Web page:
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Another Case on Post-Production Costs

Netty Engler Energy, LP has asked the Texas Supreme Court to review the decision of the Fort Worth Court of Appeals in Netty Engler Energy, LP v. Bluestone Natural Resources II, LLC, 2020 WL 3865269 (July 9, 2020).

Engler owns a royalty interest in a section of land in Tarrant County on which Bluestone owns a lease and operates gas wells. Engler’s Top-Tenroyalty interest originated in a deed in which the grantor reserved a one-eighth non-participating royalty interest. The deed provides that the grantor reserves “a free one-eighth (1/8) of production … to be delivered to Grantor’s credit, free of cost in the pipe line, if any, otherwise free of cost at the mouth of the well or mine.”

Bluestone contracted with Crestwood Equity Partners to gather its gas through a gathering system owned by Crestwood and deliver it to various delivery points into a pipeline owned by Energy Transfer, where the gas is sold. Bluestone deducted the gathering fees charged by Crestwood from Engler’s royalty.

Engler argued that the “pipe line” referred to in the royalty reservation is Energy Transfer’s transmission line, not Crestwood’s gathering lines, and that Crestwood’s fees could not be deducted from its royalty. The trial court agreed, but the Court of Appeals reversed, relying on the Texas Supreme Court’s opinion in Burlington Resources Oil & Gas Co. LP v. Texas Crude Energy, LLC, 573 S.W.3d 198 (Tex. 2019). In Burlington v. Texas Crude, the Court held that the term “into the pipeline” in a grant of overriding royalty was equivalent to “at the well,” and Burlington could deduct post-production costs from Texas Crude’s overriding royalty even though the assignment provided that the royalty would be “free and clear of … all costs and expenses except the taxes thereon.”

At the trial court, Engler introduced the affidavit of an expert in support of its motion for summary judgment. The expert said that “pipeline” as commonly used in the industry means a transmission pipeline like Energy Transfer’s, and not gathering lines like those owned by Crestwood. The Court of Appeals does not mention or address this affidavit in its opinion. But the Court rejected Engler’s argument that Crestwood’s gathering system is not a pipeline as that term is used in the royalty reservation.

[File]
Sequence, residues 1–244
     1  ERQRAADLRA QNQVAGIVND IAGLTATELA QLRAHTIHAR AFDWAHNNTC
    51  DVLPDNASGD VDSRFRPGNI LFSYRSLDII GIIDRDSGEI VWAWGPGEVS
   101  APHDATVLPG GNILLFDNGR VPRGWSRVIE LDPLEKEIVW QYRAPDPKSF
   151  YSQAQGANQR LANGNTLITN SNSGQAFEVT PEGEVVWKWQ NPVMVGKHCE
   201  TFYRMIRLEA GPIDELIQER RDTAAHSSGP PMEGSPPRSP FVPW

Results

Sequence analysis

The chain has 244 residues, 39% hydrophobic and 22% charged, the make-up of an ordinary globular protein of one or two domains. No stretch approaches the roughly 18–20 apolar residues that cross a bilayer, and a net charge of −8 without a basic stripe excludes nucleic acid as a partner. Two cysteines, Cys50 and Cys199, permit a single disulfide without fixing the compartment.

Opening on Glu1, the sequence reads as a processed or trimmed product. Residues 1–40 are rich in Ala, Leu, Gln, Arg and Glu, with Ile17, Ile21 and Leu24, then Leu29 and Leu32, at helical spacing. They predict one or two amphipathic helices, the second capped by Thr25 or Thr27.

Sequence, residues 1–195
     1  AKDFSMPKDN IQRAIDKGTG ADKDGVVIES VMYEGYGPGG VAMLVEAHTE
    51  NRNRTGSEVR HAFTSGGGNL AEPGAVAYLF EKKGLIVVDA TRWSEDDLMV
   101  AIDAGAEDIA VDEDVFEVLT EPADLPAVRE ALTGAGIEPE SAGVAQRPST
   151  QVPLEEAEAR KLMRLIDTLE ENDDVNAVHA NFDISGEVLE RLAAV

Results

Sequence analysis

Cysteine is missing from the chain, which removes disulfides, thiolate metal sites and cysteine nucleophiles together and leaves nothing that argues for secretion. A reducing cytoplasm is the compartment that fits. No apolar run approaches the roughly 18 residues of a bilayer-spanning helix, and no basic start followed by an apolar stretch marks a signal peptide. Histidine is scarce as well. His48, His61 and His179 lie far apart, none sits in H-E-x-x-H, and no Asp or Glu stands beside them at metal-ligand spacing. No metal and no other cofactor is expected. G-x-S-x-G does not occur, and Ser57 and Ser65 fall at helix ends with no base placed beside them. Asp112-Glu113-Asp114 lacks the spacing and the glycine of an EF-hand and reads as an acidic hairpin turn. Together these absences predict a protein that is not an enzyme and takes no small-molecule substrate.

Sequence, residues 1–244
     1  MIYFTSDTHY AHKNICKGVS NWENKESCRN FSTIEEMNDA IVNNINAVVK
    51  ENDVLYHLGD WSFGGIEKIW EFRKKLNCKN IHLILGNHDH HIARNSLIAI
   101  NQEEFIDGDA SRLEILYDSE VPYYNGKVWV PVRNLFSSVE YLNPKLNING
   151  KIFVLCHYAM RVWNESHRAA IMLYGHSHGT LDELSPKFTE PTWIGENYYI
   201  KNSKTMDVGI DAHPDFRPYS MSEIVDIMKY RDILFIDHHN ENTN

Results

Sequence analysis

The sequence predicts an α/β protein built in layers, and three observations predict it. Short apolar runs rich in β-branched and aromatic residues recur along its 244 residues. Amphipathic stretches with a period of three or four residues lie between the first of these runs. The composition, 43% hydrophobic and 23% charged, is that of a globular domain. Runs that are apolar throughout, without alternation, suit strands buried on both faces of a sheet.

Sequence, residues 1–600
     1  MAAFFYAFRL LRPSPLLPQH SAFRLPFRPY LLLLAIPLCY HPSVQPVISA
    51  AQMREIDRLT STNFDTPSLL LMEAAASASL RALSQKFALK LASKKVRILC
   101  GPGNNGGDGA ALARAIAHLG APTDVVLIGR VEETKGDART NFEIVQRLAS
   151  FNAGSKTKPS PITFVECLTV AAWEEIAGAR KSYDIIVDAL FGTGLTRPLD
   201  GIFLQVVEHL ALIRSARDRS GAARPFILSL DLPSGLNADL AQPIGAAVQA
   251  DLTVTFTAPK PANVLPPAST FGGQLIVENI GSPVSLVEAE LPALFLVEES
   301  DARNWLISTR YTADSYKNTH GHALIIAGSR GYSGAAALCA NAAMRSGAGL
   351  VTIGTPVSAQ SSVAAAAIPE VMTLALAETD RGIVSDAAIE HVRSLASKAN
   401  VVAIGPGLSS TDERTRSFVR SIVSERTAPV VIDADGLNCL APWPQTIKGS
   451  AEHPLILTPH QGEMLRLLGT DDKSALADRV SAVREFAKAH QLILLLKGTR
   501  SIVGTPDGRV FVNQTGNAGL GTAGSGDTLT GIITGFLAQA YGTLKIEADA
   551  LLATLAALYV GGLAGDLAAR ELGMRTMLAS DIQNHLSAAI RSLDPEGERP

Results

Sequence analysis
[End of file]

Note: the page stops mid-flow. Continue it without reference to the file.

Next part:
Our firm assisted Texas Crude in its appeal to the Texas Supreme Court. One of our arguments was that the term “free of cost into the pipeline” as used in royalty reservations and grants was intended to mean that the royalty owner’s interest should not bear any cost incurred in moving gas to the purchaser pipeline. We cited an article by A.W. Walker, Jr., who was a prominent oil and gas attorney in the early 20th century, a law professor, and the author of seminal articles explaining the basics of Texas oil and gas law. He was a founder of the firm Jackson & Walker, and the University of Texas School of Law has an endowed professorship in his name. Professor Walker wrote more than 50 years ago that the phrase “into the pipeline” in a royalty clause was intended to make the royalty free of any cost incurred to get the production “into the pipeline” – at that time the point of sale:

When the royalty upon oil is payable in kind it is usually stipulated that the royalty oil shall be delivered, free of cost, in the pipe line to which the lessee may connect the wells. The lessor by his division order contract with the pipe line company provides for its receipt at that point and for the time and manner of payment by the purchaser. This clause obviates the necessity of any expenditures by the lessor in connection with the storage, treatment, and transportation of his royalty oil to his purchaser, and requires these expenses, sometimes of considerable proportions, to be borne by the lessee. It is, therefore, a vitally important provision from the standpoint of the lessor.

Although Professor Walker’s comments are with respect to oil production, his logic applies as well to gas production. His remarks are consistent with Engler’s argument that the “pipe line” referred to in the royalty reservation is the point where the production is delivered to Bluestone’s purchaser.

Unfortunately for royalty owners, if the Fort Worth court’s opinion in Engler v. Bluestone stands, future cases will view the words “into the pipeline” in a royalty reservation as equivalent to “at the well” for purposes of allocating post-production costs, and any other language in the royalty reservation will be considered “surplusage” under the holding in Heritage Resources v. NationsBank.

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